ACT reports lowest average composite score in decades after number of test takers plunged

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Dive Brief:

  • About 1.35 million students in the 2022 high school graduating class took the ACT college entrance examination, slightly more than in the previous year but far fewer than levels seen prior to the coronavirus pandemic.
  • The test’s provider, also called the ACT, shared the data Wednesday. About 54,000 more students took the ACT test in the 2022 school year’s graduating class compared to the 2021 class. But that’s far lower than the peak of nearly 2.1 million students in the 2016 graduating class who took the exam. 
  • Also on Wednesday, the test provider announced that the national average ACT composite score fell to 19.8 for the 2022 class, the lowest level in more than 30 years. The highest score a student can earn on the test is a 36.

Dive Insight:

The spread of the coronavirus shuttered common testing sites early in the pandemic, causing the ACT and the College Board, which administers the SAT, to bleed revenue.

Their financial pictures still look bleak, as the health crisis spurred widespread adoption of test-optional policies, in which colleges don’t require the SAT or ACT for admission. About 1,800 four-year institutions aren’t mandating entrance exams for the fall 2023 admissions cycle, including those that historically never asked for test scores. That’s according to FairTest, an organization advocating for restricted uses of standardized assessments. 

Only a handful of institutions have revived testing mandates, among them the Massachusetts Institute of Technology, which said the exams can predict early academic success, as well as the Georgia Institute of Technology and the University of Georgia, two of the state’s most prominent public colleges.

Bob Schaeffer, FairTest’s public education director, pinned the decline in ACT exam takers to the proliferation of test-optional policies.

He noted taking the ACT without the writing section costs $63. Some students receive fee waivers, but the loss of hundreds of thousands of test takers over the last few years still adds up to millions of dollars of missed revenue for the ACT, he said.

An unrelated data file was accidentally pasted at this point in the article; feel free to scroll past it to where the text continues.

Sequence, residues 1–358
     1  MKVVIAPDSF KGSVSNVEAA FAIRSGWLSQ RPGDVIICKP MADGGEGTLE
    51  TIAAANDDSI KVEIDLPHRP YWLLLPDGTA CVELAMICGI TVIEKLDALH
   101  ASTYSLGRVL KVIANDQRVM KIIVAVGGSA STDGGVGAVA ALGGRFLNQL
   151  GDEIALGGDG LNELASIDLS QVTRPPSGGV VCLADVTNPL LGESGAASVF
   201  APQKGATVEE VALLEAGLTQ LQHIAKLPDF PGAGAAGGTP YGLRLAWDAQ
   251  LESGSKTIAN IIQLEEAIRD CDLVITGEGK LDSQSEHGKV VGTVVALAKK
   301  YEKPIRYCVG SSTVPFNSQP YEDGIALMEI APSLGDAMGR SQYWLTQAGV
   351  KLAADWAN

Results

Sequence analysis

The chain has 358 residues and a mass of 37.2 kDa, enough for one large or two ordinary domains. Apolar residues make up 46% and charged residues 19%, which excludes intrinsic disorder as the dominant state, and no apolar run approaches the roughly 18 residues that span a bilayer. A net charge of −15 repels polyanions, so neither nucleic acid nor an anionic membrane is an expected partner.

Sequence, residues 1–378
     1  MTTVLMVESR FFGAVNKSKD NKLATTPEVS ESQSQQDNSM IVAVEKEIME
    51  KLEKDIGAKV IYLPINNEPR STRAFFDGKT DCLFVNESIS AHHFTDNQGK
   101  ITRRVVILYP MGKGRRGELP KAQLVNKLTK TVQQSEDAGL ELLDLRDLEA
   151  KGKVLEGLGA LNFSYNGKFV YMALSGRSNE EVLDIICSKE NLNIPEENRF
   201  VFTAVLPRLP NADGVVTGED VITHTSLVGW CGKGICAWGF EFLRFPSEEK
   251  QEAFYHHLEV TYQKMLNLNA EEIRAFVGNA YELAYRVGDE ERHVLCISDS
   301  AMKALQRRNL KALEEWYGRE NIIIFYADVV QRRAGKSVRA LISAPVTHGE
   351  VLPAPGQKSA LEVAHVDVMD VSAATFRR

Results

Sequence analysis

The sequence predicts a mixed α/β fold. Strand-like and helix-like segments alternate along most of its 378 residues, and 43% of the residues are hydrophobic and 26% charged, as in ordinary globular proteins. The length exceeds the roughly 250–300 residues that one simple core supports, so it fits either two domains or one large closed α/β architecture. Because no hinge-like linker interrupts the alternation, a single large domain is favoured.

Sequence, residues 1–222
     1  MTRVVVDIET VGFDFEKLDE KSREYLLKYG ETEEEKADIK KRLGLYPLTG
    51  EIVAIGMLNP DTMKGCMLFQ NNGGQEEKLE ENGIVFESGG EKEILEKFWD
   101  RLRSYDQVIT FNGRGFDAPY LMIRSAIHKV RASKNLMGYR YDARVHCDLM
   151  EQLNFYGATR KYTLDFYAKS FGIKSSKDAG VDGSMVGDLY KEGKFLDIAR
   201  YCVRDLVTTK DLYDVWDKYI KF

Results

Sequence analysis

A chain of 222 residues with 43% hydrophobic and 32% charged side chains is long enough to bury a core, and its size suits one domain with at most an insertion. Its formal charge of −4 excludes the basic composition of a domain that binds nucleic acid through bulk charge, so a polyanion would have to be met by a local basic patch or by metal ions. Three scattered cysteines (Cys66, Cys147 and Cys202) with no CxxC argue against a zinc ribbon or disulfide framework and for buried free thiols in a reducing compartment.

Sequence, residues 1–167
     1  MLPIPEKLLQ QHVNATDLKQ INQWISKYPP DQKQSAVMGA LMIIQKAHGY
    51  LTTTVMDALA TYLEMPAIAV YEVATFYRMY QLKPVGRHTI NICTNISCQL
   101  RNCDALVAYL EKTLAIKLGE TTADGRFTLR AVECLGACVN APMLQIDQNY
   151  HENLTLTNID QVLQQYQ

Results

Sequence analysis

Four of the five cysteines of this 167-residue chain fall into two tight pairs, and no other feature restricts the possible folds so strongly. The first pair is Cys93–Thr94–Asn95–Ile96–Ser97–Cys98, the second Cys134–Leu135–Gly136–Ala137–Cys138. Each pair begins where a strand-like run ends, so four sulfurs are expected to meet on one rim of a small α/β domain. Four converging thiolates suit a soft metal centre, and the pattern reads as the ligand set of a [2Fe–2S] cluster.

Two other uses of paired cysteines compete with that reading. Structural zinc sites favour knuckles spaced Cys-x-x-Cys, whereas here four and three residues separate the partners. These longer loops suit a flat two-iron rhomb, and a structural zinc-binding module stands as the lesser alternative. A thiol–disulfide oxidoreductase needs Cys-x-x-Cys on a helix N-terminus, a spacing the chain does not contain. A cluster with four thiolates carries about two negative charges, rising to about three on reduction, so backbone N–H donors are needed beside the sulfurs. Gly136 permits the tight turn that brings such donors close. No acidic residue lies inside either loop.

ACT’s financial situation is particularly precarious because it banks on those testing fees as its primary revenue source, unlike the College Board, which makes money from other products like Advanced Placement exams. 

The ACT has turned to voluntary resignations and other cost-cutting measures in the face of this financial stress.

Wednesday’s figures signal continued headwinds for the testing provider. Rose Babington, ACT’s senior director for state partnerships, did not address a question Wednesday as to why the number of test takers has not rebounded.

In an emailed statement, Babington instead pointed to an area of growth for the test: ACT’s State and District Testing program, which has students taking the test during regular school hours. In the high school class of 2019, the last before the pandemic, 40% of students tested at least once through that program. In this year’s class, 60% did so, according to Babington.

ACT argues that testing during the school day expands access for low-income students, those in rural areas and students who would be first in their families to go to college.

Meanwhile, ACT chief executive Janet Godwin presented the average score decline as an academic crisis, one that predated the pandemic.

“A return to the pre-pandemic status quo would be insufficient and a disservice to students and educators,” Godwin said in a statement. “These systemic failures require sustained collective action and support for the academic recovery of high school students as an urgent national priority and imperative.”

Schaeffer, however, said falling scores make sense given the “unprecedented disruptions of education” in the past two years.

About 1.7 million students in the 2022 graduating class took the SAT, up by about 200,000 from the previous year’s class. Roughly 2.2 million students took the SAT in each of the 2019 and 2020 graduating classes.

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